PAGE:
“I was still in high school and it was 100 miles to go from here to him twice a week, and there was no way I could do that and go to school. I didn’t have a car at the time,” recalled Grey. Yet he knew that he could make it, judging by what he saw at Malenko’s Tampa gym. “It was a lot of small guys; I was bigger than them, and I was only 16.”

Closer to his school, Louie Tillet was running Sunbelt Wrestling, in opposition to established Florida promoter Eddie Graham. With a TV show, Sunbelt had the likes of Austin Idol, Jimmy Valiant, Thunderbolt Patterson, Bob Roop, with Buddy Landel as Roop’s brother Buddy; the great villain Great Malenko still wrestled, while his legitimate sons, Joe and Jody Simon, were the babyface Simms brothers (and down the road were Joe and Dean Malenko).

Grey trained with Tillet in Jacksonville at a small training school that was not really publicized, in a day when kayfabe was still strong. “He trained us for a couple of months. I didn’t wrestle,” said Grey. The teenager went twice a week for two or three months before being allowed to wrestle.

What Grey didn’t understand at the time was all the politics going on. Tillet was running opposition to Graham’s Florida Championship Wrestling, an NWA-affiliated promotion. Therefore as a rebel promotion, Graham and his colleagues set out to put him out of business. Tillet’s main place was the American Legion Hall in Orlando on Fridays, as well as other places in Florida, while Graham ran on Sunday at the Eddie Graham Sports Stadium in Tampa. Then Graham started stacking the cards with names from the other NWA affiliates — and running on Fridays too.

With Sunbelt out of business, Tillet was fortunate to have an ally in Ole Anderson, who went against the wishes of the other NWA powers-that-be, and hired Tillet as an assistant promoter in Atlanta.

An outfit that Jerry’s mother made for The Golden Boy.

Tillet got work for his young charge, even if Grey was way out of his league. The match was in Atlanta. “My first match up there was against Ernie Ladd,” recalled Grey like it was yesterday. “Louie trained us pretty stiff. They didn’t really smarten us up all the way, either, because back then, it was just different. I didn’t really know if it was all the way a work or a half-shoot or whatever. I asked what was going to happen when we went out there, how do we know who’s going to win? They didn’t even tell us that until I got to TBS. All of a sudden, Grey was surrounded by some of the top names in the world: Harley Race, Dusty Rhodes, Roddy Piper on commentary, Ric Flair just before he won the NWA World title for the time.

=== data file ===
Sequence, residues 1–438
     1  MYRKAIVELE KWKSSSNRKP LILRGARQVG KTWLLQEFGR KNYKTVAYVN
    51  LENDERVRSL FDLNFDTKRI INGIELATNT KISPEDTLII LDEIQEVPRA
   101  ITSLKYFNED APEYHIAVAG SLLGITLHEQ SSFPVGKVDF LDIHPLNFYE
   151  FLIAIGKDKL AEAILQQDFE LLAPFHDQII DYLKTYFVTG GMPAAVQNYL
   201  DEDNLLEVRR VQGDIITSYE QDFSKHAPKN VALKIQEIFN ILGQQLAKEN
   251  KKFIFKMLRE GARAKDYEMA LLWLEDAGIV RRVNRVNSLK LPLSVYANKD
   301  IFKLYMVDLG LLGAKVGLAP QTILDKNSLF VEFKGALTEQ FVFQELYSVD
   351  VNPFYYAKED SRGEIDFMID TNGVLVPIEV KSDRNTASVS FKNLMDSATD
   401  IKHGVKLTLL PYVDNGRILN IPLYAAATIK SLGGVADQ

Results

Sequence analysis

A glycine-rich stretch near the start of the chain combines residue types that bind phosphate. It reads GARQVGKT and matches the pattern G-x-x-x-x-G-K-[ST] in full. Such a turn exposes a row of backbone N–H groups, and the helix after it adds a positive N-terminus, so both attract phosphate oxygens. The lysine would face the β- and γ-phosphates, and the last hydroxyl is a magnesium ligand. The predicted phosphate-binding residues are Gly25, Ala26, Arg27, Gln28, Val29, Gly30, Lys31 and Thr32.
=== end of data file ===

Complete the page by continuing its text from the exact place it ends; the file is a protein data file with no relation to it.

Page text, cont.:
The giant Ladd towered over Grey, and Grey had to learn quick, but not in the way one might think. “He poked me in the eyes and didn’t even come near me, so I’m like, ‘Oh my God! I’ve got to sell? He didn’t even touch me.’ He was so easy. Then I found out, okay, this is how some of the guys are. Even though he was so big, he was so easy.”

From there, “The Golden Boy” Grey figures he worked 3,000 matches during his career. He listened and learned, and became an excellent hand in the ring. “Wrestle experienced guys, that’s how you learn,” he explained, citing Dick Slater and Bob Orton Jr., as two influences.

But there was learning outside the ring too. Grey left the expanding Superstation world to return to Florida to work for Eddie Graham, but that almost didn’t happen. Grey made the deal to go to Florida through assistant booker JJ Dillon, who was working under Dory Funk Jr.

“I didn’t realize how mad Eddie Graham was at Louie Tillet for going against him. He didn’t like Malenko either,” he said. “They liked me at first, because I was young, big, good build. They said, ‘Who trained you?’ Eddie Graham, that was the first thing he asked me. He liked me really good. ‘You were good. Did you wrestle amateur?’ ‘Oh yeah.’ ‘Good, good.’ Then he goes, ‘Who trained you?'”

“When I said, ‘Louie Tillet,’ I could just see that he wanted to kill me. Then he made me pay some dues. It was just as bad as going to Matsuda’s tryouts, they called it, where they broke Hogan’s leg. They did the same thing. They put me in the ring with Haku, Tonga they called him then, King Kong Tonga, and told him to hurt me. They must have, because he did every kind of martial art he knows. I thought, because Louie trained us stiff, so I thought that’s the way it was, so I was fighting him back. He was really getting mad then. And you know how tough he is. So he was really getting mad then. I guess they liked it that I fought back at least, and I didn’t quit. Especially when I came back to the dressing room, and I asked them where I could wrestle next. Eddie Graham just looked at me like I was crazy. … so then he liked me a little bit.”